Also, a reminder about safety:  those little metal bumps on the back of a circuit board-- or anything in there that's metal-- could be energized with enough juice to be lethal.  Even when it's unplugged.  330 uF at 16 volts probably won't kill you, but at first you should assume there's some high-power capacitor you overlooked. 

This is another reason to get a good multimeter and learn to use it, before doing anything else. 

I'll just say this reminder for whomever it may help: "Don't work on electronics if you don't absolutely, positively know how to avoid electrocution."  I'm assuming you have the basic skills, and if you don't.... a nice new LED clock can be had right here


Components To Look For

Before I took this apart, I was thinking in terms of a crystal oscillator.  Perhaps with a "pulling" capacitor in parallel. 

There are a couple ways, at least, to build a digital clock.  Crystal oscillator is one option.  Another way is to sync with line frequency, using a chip to convert that to a meaningful time signal. 

When a clock chip has a pin that requires a 60 Hz input signal... that would be a pretty good indicator that it's getting its time base from the mains frequency.  Since this is a cheap LED clock, that makes sense.

So, let's see what there actually is.


Clock Chip

Instead of desoldering all those pins, here's what I did.  I broke off two plastic tabs, removed the whole board assembly, then folded the one board away from the other. 

The way these things are built, you almost can't "not" break something when taking them apart.  Even in their day they were cheap mass-produced items.  It's not that they were designed to be unserviceable;  corporations hadn't gone that way yet, for the most part.  But at the same time, they didn't go out of their way to make stuff like this easily-servicable, either.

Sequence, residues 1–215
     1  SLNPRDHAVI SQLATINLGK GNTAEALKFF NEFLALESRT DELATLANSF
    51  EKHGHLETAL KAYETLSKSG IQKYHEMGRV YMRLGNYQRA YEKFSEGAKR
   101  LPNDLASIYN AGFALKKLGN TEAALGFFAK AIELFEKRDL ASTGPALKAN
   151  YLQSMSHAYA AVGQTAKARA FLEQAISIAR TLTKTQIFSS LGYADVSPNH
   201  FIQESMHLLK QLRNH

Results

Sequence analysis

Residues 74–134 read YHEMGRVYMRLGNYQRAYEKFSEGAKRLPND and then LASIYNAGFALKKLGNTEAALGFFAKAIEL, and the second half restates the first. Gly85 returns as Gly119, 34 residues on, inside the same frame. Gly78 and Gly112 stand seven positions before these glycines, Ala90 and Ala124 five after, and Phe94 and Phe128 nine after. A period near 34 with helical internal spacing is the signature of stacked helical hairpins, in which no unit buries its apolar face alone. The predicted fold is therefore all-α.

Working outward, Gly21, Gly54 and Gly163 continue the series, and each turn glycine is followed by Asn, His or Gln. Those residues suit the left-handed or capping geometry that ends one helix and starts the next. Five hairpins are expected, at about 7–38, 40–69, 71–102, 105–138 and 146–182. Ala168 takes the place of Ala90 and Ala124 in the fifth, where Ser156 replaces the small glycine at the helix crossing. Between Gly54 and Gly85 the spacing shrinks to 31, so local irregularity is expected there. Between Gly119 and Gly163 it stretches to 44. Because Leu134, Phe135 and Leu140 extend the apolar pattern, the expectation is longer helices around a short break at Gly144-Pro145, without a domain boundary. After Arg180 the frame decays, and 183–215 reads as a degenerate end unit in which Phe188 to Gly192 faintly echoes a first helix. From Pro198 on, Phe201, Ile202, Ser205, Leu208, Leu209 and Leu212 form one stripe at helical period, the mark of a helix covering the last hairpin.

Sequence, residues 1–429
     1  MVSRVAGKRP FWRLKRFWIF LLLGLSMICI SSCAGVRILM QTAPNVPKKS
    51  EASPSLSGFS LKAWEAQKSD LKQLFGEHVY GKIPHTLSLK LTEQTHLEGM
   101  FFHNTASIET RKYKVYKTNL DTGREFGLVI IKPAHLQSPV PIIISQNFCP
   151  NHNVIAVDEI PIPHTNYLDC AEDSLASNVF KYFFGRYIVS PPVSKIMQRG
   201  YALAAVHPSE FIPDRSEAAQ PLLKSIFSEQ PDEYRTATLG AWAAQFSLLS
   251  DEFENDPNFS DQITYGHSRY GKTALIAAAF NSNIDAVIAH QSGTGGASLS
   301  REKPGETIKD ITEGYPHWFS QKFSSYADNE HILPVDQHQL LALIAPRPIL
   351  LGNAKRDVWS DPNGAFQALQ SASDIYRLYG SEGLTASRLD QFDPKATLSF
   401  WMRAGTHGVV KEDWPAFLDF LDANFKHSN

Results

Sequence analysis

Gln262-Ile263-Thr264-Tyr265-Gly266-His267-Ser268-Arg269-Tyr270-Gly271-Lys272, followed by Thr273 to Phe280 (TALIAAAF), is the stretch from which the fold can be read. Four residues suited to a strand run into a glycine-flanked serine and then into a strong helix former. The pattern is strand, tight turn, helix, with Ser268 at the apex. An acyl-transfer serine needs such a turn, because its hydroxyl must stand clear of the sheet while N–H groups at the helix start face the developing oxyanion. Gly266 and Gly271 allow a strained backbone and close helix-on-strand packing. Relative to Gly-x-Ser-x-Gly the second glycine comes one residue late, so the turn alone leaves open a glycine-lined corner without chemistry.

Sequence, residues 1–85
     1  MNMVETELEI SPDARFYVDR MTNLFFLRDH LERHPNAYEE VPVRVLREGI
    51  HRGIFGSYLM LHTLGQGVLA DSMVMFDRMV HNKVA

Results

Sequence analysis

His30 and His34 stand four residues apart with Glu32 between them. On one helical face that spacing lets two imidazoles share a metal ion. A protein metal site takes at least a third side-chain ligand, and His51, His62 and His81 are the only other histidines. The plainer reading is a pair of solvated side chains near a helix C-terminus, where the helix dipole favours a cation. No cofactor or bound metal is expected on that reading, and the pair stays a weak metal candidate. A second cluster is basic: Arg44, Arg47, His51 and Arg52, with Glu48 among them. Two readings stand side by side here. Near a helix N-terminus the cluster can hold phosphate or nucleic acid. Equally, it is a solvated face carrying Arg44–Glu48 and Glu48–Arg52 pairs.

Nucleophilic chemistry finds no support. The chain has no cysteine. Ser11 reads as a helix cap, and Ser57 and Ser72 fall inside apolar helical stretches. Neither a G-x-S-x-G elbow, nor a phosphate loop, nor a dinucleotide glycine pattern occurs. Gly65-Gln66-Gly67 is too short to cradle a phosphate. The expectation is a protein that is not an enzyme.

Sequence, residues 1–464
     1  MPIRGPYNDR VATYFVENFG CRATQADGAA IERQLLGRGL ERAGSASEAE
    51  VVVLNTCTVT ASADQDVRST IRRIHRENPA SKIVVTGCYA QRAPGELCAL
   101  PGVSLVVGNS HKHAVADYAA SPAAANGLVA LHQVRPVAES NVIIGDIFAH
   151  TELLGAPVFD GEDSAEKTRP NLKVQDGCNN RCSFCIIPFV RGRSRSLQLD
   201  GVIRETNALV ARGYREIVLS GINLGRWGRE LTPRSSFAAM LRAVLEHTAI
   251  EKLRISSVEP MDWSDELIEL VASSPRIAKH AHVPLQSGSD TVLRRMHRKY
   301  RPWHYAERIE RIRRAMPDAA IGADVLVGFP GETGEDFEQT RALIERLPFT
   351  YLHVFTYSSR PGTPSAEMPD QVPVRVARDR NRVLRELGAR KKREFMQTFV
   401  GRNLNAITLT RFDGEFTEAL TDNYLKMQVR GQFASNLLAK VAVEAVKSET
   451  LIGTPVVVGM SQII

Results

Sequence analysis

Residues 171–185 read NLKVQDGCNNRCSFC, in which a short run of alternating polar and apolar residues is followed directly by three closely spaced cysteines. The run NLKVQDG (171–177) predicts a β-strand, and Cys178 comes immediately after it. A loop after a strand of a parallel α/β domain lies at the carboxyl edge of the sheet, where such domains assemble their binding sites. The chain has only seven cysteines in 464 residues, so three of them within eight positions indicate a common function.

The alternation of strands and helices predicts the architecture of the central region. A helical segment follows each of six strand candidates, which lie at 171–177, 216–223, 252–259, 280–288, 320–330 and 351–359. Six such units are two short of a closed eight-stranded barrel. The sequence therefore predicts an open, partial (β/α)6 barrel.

That said, the plastic looks like polystyrene, so you could probably bond it with cyanoacrylate. 

Clock Circuitry 2

Now we see it's a basic clock-chip circuit.  Texas Instruments TMS3450NL, made in 1984.  It's equivalent to Sanyo LM8560. 

The board also has two capacitors, three diodes, a Zener, and ten resistors.  Fairly simple.

Line-Frequency Input Pin

So there we have Pin 25, which takes the stepped-down voltage at 60 Hz;  (There's a way to jumper Pin 26 so it looks for 50 Hz, but I don't know how.)  So, what would cause this clock to gain hours per day? 

That green, 0.01 uF tantalum capacitor is probably OK.  (I have to stop calling these things "tantalum"; they're not.)  They don't usually go bad.  Electrolytics do, though. (And actually, so do tantalum caps... quite a lot.)

Look at that one resistor.  Is that a 680 ohm?  It depends on whether that last band was originally supposed to be brown... or black, in which case it would be 68 ohm.  I see what looks like possible heat damage. 

680 or 68 Ohm Resistors

It is very common for electronics to take a surge through a low-value resistor.  You don't always see much of a difference in appearance, but expansion cracks and discoloration can sometimes help locate which one got fried.